No Warp Drives, No Transporters: Science Fiction Authors Get Real Some of the biggest names in science fiction right now — like The Martian author Andy Weir — are writing what's called hard sci-fi, based on real-world science and a vision of hope for the future.

No Warp Drives, No Transporters: Science Fiction Authors Get Real

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For the next several minutes, we take you to a galaxy far, far away. Space travel has long been a staple of science-fiction. And now some of the biggest names in the genre are trying to imagine what it would actually take to send humans to another planet. One movie back in the theaters now, "The Martian," is drawn from a self-published sci-fi book that taps into this trend towards realism. Wisconsin Public Radio's Steve Paulson has the story.

STEVE PAULSON, BYLINE: The blockbuster movie "The Martian" is a white-knuckle thriller, so you might not see story as a series of science and math puzzles. But that's precisely why novelist Andy Weir first dreamed up the book that inspired the movie.

ANDY WEIR: I'm a space dork. I'm a big fan of manned and unmanned spaceflight. And I was sitting around at home imagining how can we do a manned Mars mission? Not for the purposes of telling a story, but just how could we do it, just a thought experiment.

PAULSON: So Weir tried to work out the science of how an astronaut stranded on Mars could get enough oxygen and water and food to survive. His book is what's known as hard science fiction - a story based on existing or plausible science. And the thing about science fiction that separates it from just about every other kind of fiction is that some of these imaginary stories actually become real.

CALLA COFIELD: It is very well documented that people who work for NASA have been inspired by science fiction.

PAULSON: Calla Cofield is a reporter for, who covers the space industry.

COFIELD: And there's always, you know, a back and forth between science fiction and reality. All of this is about dreaming about what's going on off the surface of the Earth.

PAULSON: One of the best-known writers of hard science fiction is Kim Stanley Robinson. He wrote an acclaimed series of Mars novels in the 1990s, and he's just come out with a new book called of "Aurora." Unlike Andy Weir's near-future story, his novel is set 500 years from now. It's about a space voyage to Tau Ceti, which Robinson believes could be the nearest habitable star system outside our own.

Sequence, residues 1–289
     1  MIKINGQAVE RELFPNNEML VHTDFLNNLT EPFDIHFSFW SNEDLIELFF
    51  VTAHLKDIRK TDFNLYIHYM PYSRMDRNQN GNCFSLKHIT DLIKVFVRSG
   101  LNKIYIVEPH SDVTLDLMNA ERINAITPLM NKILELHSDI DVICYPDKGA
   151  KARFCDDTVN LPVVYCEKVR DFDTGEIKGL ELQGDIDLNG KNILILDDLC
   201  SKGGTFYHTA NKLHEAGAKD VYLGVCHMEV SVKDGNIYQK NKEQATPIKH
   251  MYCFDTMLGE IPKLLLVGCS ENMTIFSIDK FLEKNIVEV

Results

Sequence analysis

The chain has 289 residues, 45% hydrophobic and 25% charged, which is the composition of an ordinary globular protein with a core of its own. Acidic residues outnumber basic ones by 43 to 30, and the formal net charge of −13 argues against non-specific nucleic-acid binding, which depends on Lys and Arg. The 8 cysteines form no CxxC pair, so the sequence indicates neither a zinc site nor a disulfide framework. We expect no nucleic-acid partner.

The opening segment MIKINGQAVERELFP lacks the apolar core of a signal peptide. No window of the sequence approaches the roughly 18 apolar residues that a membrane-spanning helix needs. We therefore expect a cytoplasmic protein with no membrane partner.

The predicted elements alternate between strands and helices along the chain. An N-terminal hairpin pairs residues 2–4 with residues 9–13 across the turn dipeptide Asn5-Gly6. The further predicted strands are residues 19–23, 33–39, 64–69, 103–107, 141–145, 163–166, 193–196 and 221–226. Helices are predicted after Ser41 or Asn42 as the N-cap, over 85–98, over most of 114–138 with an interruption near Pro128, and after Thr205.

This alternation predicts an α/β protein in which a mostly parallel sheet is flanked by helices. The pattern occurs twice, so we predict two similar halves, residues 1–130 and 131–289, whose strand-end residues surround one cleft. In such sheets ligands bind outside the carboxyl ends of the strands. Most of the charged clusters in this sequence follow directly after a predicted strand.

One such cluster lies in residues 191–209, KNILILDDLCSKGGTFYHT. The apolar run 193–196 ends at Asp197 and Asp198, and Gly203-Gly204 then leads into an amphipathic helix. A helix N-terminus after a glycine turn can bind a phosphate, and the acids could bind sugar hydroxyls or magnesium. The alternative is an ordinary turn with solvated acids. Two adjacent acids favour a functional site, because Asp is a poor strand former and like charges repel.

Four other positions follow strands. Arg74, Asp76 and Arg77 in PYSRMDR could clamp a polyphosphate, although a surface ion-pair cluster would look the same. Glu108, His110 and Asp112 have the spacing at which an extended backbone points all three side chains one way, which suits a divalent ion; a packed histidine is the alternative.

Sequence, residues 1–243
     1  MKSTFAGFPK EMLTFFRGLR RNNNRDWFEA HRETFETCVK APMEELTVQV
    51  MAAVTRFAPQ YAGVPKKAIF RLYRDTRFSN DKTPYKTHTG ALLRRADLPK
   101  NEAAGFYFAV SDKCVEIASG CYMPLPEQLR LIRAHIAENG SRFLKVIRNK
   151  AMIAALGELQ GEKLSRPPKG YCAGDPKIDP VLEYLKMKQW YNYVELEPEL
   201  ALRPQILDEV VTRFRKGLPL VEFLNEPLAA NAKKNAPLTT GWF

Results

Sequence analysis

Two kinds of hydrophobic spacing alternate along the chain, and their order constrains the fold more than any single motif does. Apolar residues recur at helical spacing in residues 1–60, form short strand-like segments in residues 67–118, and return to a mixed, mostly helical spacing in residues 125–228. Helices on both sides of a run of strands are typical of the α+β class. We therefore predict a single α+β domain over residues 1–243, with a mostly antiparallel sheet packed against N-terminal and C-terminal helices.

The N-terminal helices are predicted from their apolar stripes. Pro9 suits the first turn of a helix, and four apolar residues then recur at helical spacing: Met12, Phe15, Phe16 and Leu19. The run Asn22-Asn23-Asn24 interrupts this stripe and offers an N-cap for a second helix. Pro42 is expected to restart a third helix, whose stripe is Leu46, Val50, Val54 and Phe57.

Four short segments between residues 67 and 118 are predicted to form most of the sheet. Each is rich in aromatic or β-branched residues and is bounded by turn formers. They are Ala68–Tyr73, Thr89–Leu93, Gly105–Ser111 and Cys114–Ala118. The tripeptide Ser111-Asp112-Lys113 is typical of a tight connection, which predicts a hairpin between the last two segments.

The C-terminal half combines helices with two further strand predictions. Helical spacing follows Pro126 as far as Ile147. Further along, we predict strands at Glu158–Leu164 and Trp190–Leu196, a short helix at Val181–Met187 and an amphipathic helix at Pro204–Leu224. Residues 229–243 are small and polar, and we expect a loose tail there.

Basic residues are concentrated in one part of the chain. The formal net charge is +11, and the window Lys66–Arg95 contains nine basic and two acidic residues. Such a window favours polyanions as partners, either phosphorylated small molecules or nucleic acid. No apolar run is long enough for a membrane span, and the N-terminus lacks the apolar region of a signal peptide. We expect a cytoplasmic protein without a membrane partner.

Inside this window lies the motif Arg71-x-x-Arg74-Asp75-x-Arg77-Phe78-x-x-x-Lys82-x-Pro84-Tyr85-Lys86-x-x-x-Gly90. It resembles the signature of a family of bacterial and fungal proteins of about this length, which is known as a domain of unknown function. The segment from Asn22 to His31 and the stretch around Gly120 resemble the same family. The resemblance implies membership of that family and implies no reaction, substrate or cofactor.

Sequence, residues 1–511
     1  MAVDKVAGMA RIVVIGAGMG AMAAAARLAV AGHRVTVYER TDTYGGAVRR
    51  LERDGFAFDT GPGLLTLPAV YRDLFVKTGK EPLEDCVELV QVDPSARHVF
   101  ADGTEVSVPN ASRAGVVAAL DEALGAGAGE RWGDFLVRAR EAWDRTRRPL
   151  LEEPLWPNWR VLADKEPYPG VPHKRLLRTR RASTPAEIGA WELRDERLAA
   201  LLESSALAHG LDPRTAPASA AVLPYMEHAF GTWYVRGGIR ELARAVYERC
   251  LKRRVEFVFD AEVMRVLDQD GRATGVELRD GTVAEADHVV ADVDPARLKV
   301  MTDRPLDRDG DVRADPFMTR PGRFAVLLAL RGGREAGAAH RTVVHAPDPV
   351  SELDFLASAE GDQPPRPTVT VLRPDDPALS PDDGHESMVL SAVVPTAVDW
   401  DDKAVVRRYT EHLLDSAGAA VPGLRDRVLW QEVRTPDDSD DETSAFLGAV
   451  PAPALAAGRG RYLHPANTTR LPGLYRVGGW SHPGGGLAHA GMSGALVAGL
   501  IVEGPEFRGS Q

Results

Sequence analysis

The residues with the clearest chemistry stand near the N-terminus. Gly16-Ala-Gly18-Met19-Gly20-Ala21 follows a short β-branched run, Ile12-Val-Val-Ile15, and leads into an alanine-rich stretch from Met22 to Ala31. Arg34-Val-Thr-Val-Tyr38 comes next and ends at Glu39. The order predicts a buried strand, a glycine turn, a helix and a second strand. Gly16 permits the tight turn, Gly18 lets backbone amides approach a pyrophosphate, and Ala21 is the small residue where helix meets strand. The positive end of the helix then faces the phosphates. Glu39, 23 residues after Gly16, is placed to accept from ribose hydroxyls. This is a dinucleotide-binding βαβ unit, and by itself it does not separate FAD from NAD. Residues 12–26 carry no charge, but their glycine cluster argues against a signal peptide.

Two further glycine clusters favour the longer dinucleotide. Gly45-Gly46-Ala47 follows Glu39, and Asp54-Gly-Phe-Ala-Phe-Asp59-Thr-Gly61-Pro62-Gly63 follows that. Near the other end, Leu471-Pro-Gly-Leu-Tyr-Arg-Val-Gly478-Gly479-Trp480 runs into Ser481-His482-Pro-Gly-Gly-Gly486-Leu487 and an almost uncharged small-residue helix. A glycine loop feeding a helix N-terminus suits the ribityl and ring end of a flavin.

KIM STANLEY ROBINSON: I guess my working principle was what would it really be like? So no hyperspace, no warp drive, no magical thing that isn't going to really happen to get us there.

PAULSON: Over the years, the idea of a space voyage to Tau Ceti has attracted some of the biggest names in science fiction, from Isaac Asimov and Robert Heinlein to Ursula Le Guin. Robinson figures it would take about 200 years to get there. That means the journey would span several generations.

ROBINSON: What becomes interesting is to think about the people born on this starship who didn't make the choice to be there. And for two or three generations, you're born on the ship, you die on the ship. You're just in between the stars, so it turned into a bit of a prison novel, like you spend your whole life in a Motel 6.

PAULSON: But suppose you had to go out into space to survive because the Earth's ecosystem suddenly crashed? That's the premise of a new book by another science fiction heavyweight, Neal Stephenson. In his novel "Seveneves," a flotilla of ships is launched into space. Stephenson's novel comes at a time when there have been no human space missions for decades - at least not beyond the International Space Station. He believes we've largely lost the will to pursue the really big projects of previous generations, like the massive government initiatives that sent people to the moon and built the interstate highway system. He says the tech industry didn't help matters when it became so lucrative and attractive to young people with technical savvy.

NEAL STEPHENSON: And so for the last few decades, the kinds of really smart geeks, who, in the '50s and '60s would've been building rockets or something, have been, you know, moving to Silicon Valley and creating startups to make little apps.

PAULSON: Stephenson says there's an underlying problem. We often have trouble imagining what a positive future would look like. And here's where science fiction comes in. If we want a better future, maybe we need better stories. What we don't need, he says, are more dystopian stories of civilization in ruins.

STEPHENSON: It's just tired. They take the stuff that we have now - the buildings, the cities, the vehicles - and they kind of throw dirt on them and beat them up and break the windows. And then that's the future in which these things are all set.

PAULSON: By contrast, the science fiction writers who've tried to imagine plausible scenarios for getting to another planet tend to be hopeful about the future. There is a danger though, says Kim Stanley Robinson. A fantasy that if humans could just start over on another planet, we could escape all the problems we have here on Earth.

ROBINSON: So the idea of a utopia happening on another planet is a story space that you go into. Some in that sense, on Mars we can do things right, and it will serve as an illustration or an example for people back on Earth. I mean, I love Mars, and I'm interested in Mars. But we don't need to go anywhere because this planet is our one-and-only home.

PAULSON: And no matter how much we dream, it's where we're actually going to have to live. For NPR News, I'm Steve Paulson.

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